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Building a Knowledge-based Economy on Nanotechnology Is Not that Easy

Creating a knowledge-based economy is never as easy as just waving cash at the problem

2 min read

Building a Knowledge-based Economy on Nanotechnology Is Not that Easy

I have read, heard and even reported that resource-rich countries that dig a hole in the ground and seemingly pull out money are keen to transition their economies from exploiting natural resources to ones based on knowledge in science and technology.

It makes sense since no matter how you feel about the concept of “peak oil”, fossil fuels are a finite resource. So sooner or later that ATM in the ground will stop dispensing cash.

This reasoning has been partly behind Russia’s huge investments in making itself a player in the field of nanotechnology.

As an outsider I have marveled at the machinations this flood of cash into a Russian nanotechnology initiative has initiated. But I am merely looking in from the outside.

So I was intrigued to read an opinion piece over at Nanotech-Now written by Eugene Birger, Principal Analyst for what appears to be a news service on all things related to nanotechnology in Russia,, to see what insights it would offer in Russia’s recent attempts to create a “Silicon Valley” just outside of Moscow. 

The editorial details the progress, or lack thereof, in developing the Skolkovo high-tech hub that was started last Spring. Great expectations for the project were there from the onset since it played to the Russian practice when it was part of the Soviet Union of building large and centralized technology centers.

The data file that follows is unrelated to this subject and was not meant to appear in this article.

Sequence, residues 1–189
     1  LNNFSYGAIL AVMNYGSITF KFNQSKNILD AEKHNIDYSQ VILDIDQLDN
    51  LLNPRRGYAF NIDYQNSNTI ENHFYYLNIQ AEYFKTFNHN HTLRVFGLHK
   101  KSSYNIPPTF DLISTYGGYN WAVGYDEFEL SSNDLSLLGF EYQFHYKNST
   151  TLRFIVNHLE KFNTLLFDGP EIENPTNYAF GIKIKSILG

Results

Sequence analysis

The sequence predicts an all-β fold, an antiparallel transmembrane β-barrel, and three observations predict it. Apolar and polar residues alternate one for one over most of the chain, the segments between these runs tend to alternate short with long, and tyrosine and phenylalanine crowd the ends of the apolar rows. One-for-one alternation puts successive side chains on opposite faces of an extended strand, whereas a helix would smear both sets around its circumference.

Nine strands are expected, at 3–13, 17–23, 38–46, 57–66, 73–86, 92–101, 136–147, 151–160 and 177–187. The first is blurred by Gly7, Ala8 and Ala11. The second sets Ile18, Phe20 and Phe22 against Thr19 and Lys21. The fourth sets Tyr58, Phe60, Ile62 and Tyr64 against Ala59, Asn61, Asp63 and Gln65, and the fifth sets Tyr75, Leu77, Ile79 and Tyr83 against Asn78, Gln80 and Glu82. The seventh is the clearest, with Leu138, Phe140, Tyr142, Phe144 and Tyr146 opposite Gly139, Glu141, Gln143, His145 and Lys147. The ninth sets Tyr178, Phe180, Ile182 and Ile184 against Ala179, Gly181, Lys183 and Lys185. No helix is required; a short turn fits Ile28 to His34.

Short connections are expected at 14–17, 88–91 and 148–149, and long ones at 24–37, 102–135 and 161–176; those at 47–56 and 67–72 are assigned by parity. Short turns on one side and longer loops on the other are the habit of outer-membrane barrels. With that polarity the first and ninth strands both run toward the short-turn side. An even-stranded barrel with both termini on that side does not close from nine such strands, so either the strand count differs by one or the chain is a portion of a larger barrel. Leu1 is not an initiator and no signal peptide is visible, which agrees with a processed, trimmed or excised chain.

But as is typical whenever anyone starts flashing billions of dollars around, those who should know better kind of lose their objectivity and ignore obvious obstacles to the success of the project.

For instance, Birger refers to Vadim Malkin, Managing Partner of Transitional Markets Consultancy LLP, who argues (rightly in my estimation) that there seemed to have been a lack of recognition that other regions, namely Portugal, with its tax breaks, or India, with its cheap labor, could offer stiff competition for attracting investors in a technology park.

But ultimately the real obstacle remains oil riches. It’s hard to get anyone interested in investing in modernization projects when oil is forecast to be above $120/barrel.

While strictly speaking the Skolkovo project is not part of Russia’s nanotechnology initiative, it could be indicative of what we can expect from the Russian attempts to jump start their research into nanotechnology.

First you see lots of money being announced, then you see a number of bureaucratic obstacles delaying the release of those funds, followed by high-profile agreements and memorandums of understanding that all lead to far less cash actually being spent than originally announced and MOUs that seem never to be turned into contracts.

Birger references a quote made by Russian politician Victor Chernomyrdin in 1993, which, according to Birger, has become a catch phrase in post-Soviet Russia, "We intended for something better, but it turned out just as it always does."

Time will tell with this dim assessment is applicable to both the Skolkovo project and the Russian nanotechnology initiative, but in any event we know it won’t be easy for them to be succesful.

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